West Coast Meetings in 2002
In September 2002, the Ephemera Society was involved
in two programs on the West Coast, the annual meeting of the American
Association for State and Local History (AASLH) and a regional
society meeting in California.
AASLH was established in 1904 as a department within the American
Historical Association; today it is a separate organization. Now,
nearly a century later, it provides services to more than 5,000
individuals and institutions that work in the field of state and
local history. The successes of its activities have been tested
and proven by time, and as the 21st century begins, it looks forward
to promoting "Pathways: Discovering Yourself Through History,"
a project designed for the general public to research various
aspects of American history. Among its publications is a series
of technical leaflets, some of which cover such topics of ephemera
as postcards, historical photographs, archival materials, and
local history manuscripts.
AASLH's 62nd annual meeting took place in Portland,
Oregon, September 25-28. Its theme was "The Many Faces of
History." Writing of it in promotional literature, meeting
organizers posed a thought-provoking question: "What do we
study and collect that reflects and interprets the past and how
has our approach changed over the years?" Of course, one
of the answers is ephemera.
On Thursday the 26th, at a morning session, Ephemera
Society members Ron Stegall and Nic Ricketts, society president
and vice president respectively, and Ken Turino, director of exhibitions
and programs at the Society for the Preservation of New England
Antiquities (SPNEA) in Boston, conducted a session entitled "The
World of Ephemera: Collecting the Transient Documents of Everyday
Life." Quoting from the conference program: "members
of the Ephemera Society of America, which was founded to promote
the preservation of ephemera and research about it, will share
their views on the following topics: the state of the world of
ephemera; guidelines for collecting and cataloguing ephemera;
the use of ephemera in exhibitions and the purposes of interpretation;
and the preservation and conservation of ephemera collections."
Ron Stegall spoke first, introducing ephemera and
showing both contemporary and historical examples. Nic Ricketts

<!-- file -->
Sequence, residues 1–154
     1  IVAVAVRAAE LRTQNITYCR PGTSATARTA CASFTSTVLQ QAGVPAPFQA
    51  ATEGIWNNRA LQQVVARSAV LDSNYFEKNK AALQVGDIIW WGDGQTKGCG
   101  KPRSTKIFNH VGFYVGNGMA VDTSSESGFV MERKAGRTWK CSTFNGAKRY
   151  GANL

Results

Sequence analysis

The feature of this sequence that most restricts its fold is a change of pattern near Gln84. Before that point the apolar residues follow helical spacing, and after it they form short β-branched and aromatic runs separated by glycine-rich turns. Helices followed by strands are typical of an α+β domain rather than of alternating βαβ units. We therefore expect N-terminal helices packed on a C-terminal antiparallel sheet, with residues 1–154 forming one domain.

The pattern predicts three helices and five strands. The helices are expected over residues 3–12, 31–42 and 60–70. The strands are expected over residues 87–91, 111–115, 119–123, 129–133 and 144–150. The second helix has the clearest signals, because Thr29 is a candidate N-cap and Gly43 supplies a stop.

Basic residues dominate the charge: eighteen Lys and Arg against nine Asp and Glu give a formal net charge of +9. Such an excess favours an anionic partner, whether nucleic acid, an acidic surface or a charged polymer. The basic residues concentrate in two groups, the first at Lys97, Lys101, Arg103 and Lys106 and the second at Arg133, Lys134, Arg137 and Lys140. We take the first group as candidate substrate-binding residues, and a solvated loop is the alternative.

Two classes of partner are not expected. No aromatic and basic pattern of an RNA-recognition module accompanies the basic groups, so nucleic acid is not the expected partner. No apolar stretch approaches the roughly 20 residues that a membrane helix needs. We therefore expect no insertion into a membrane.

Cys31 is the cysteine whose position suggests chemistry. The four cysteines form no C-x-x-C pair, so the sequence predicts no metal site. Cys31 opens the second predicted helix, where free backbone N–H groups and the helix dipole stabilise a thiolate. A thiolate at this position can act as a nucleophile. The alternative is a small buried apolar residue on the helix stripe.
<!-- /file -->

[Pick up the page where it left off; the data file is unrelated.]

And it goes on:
then focused on the ephemera collection that he oversees as curator
at the Strong Museum in Rochester, New York, highlighting how
the Strong collects, preserves, and houses its holdings. Ken Turino
wrapped up, covering the exhibition of ephemera, paying special
attention to SPNEAs traveling panel show, "Pilgrims,
Patriots, and Progress: Selling the Colonial Image," an exhibit
that considers how American colonists have been portrayed through
It was standing room only. Individuals involved
with local history all have ephemera either in their personal
collections or where they work. Attesting to the widespread interest
in ephemera, all of the societys membership brochures were
taken from the exhibits hall. We look forward to welcoming many
new members as a result of the AASLH meeting.
Just a few days earlier on Saturday, September 21st,
the Ephemera Society held a regional meeting in Beverly Hills,
California. Society member Jay Last hosted the meeting, welcoming
a group of twenty-five, some of whom lived in the Los Angeles
area and others who traveled from as far away as the San Francisco
Bay area, Sacramento, and San Diego.
Jay is the author of several books on ephemera and
American art written with Gordon T. McClelland and published by
Hillcrest Press. Among them are Fruit Box Labels: A Collectors
Guide, published in 1983, and The California Style: California
Watercolor Artists, 1925-1955, issued in 1985.
Jay very graciously organized a display of a portion
of his collection, giving society members an opportunity to see
some wonderful examples of 19th century lithography, including
trade cards, cigar labels, posters, and illustrated books.
Society president Ron Stegall led a discussion on
the goals of the Ephemera Society. Specific topics included ways
to enhance the organization's Web site, increasing membership,
how to attract younger members, and discovering the areas of collecting
pursued by younger folks. In addition, the group talked about
why society dropouts leave and how they might be attracted back
to membership. Finally, the group talked about the possibility
of hosting a West Coast ephemera show, perhaps in conjunction
with an established book fair in the San Francisco area.
Many thanks are due to Ephemera Society officers
and members for participating in the AASLH conference and for
organizing and attending the regional meeting in California. Benefits
of Ephemera Society membership are now known to conference participants,
and as a result of the regional meeting, current members are more
convinced than ever about the importance of the society's goals
E. Richard McKinstry